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PCM.daily » Pro Cycling Manager 2018 » PCM 18: Graphics
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YJ's Routes/Stages
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Vuelta a Colombia

My route is here: https://www.la-fl...view/11544

Having it's Grand Depart in Venezuela with 3 stages, including a first slight summit finish in San Cristobal.
It features a 27Km TTT and a 43Km ITT, 3rd and 12th stage respectively.
There are 8 flat stages, 5 are for pure sprinters, 3 have some dificulties that may hamper them.
There are 5 medium mountain finishes, only the opening stage finishes uphill.
There are 6 high mountain stages, with 2 summit finishes.

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Vuelta a las Canarias

My Tour is here: https://www.la-fl...view/11809

This tour is something I made more for fun and not having anything to do unlike the other two I published today, the concept is very simple, I made a stage in each of the Canary islands (including Teide, famous for the training camps). My intention wasn't to make it so hard but it's literally a mountain paradise so there was no avoiding them Smile

You can do the stages of Volta a Portugal 2019 in La Flamme Rouge? Pls
Yellow Jersey
It's a big pro race I'm sure someone from the site will do it beforehand. If no-one does I can make in the week previous to it
Columbia and the Canarias look very nice work Smile
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The Merckxian Grand Tour

I used this route in the LFR contest Shock

My route is here: https://www.la-fl...view/12186

* For some reason the profiles in the first half of my race are completely flat and the gradients in the climbs are wrong. I don't know what's happening and why it only affects the first half, hoping that it's eventually fixed...

Distance: 3952.28 Km
Flat Stages: 9
Hill Stages: 7 (4 summit finishes)
Mountain Stages: 6 (3 summit finishes)
ITT: 3
TTT: 1
Finishes where Eddy Meckx won: 18

Start of the race as a prologue in De Panne to set the first gaps.
First road stage of the race, one to set the first lead change possibly and the sprinters get their opportunity.
Here there is a Flandrien challenge, taking the bergs to set the first real gaps.
Continue moving through Belgium with another sprint stage.
A hilly finale to the Belgian racing around Liège.
The race's TTT, a bit of importance in this stage as team strenght will propel the riders in the rugged terrain of Limburg.
A final stage in the Benelux, despite having a start in Germany it finishes in the old Luxembourg city with a very steep finish.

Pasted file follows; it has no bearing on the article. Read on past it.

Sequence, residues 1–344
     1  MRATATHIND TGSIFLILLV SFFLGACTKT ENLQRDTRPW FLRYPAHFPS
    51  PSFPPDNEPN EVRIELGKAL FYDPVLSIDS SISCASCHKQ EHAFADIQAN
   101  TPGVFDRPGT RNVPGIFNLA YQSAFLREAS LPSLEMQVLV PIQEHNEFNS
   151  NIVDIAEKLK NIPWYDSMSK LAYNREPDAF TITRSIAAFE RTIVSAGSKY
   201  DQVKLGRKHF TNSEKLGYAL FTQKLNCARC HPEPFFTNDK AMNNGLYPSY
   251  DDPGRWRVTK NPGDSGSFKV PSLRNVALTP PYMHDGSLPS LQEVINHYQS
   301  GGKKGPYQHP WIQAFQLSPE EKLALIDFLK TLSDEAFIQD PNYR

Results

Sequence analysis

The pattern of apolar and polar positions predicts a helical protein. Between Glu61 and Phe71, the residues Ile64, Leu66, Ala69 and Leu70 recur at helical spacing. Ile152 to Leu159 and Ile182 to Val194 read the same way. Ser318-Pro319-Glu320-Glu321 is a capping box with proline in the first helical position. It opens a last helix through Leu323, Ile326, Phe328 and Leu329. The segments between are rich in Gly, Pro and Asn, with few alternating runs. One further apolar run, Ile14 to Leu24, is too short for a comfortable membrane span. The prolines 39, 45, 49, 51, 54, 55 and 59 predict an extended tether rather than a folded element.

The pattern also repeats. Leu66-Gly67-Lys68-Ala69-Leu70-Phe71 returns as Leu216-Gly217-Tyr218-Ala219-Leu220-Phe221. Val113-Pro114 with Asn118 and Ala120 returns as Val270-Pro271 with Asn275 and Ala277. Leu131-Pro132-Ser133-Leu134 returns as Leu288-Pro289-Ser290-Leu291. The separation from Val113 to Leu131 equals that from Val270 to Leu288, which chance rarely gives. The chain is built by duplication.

First stage in France with a flat finish in Strasbourg.
First mountain challenge of the race deep in the Vosges.
Transition from France to Swisse with a finish for the sprinters to enjoy.
First of a half-stage, a hilly stage summiting in the outskirts of Zurich.
The second moves south towards Aigle for another sprint finish in a tricky stage.
A mountain marathon, almost 330 kilometers that will drain every rider, the absolute old-school stage where only the strongest will prevail.
In a former Merckx' WC win in Mendrisio comes a tricky stage in the Lombardia region.

Rest Day

After a rest day transfer there is another transition stage, pan-flat but with a steep finish in San Luca.
An opportunity for the sprinters after a hard race, not the flattest of stages but they should have their way.
Another one, rugged terrain familiar to all, it's a finish classic to Milano-Sanremo where the sprinters and puncheurs will fight for the win.
The final flat time-trial of the race, a long one that will settle the gaps ahead of the real mountains to come.
The entrance in the Alps where the first summit finish of a high mountain comes.
In the high Alps is found a stage that could set total chaos in the peloton.
The old Chemin de Écoliers in Valloire takes the finish of this exciting stage where the race comes back to France.
The final time-trial of the race, starting and finishing in Briançon, in the Col du Glandon.
The final stage in the Alps, another true marathon that will force the climbers to fly through start to finish.
An easier transition, good for the sprinters remaining.
The final mountain stage going through Provence's mountains. Mont Ventoux on the menu towards Manosque.
And the final stage, having it's grand finale in Marseile.
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Tour 2019 Variant

I used this route in the LFR contest, a focus on Eddy Merckx's successes but in reality it's much more than that, I'm so proud of this route I'd consider it more of my success Smile

My route is here: https://www.la-fl...view/11875

The Grand Depart takes part in Brussels, the opening stage goes through it's historic center, and coming out of Bruxels it goes through the small towns of Meise, where Merckx built the factory in which Eddy Merckx Bycicles began, those that are currently used by the AG2R team, and also by Zellik, where later he moved the company, that to this day hosts the headquarters of the iconic bike brand.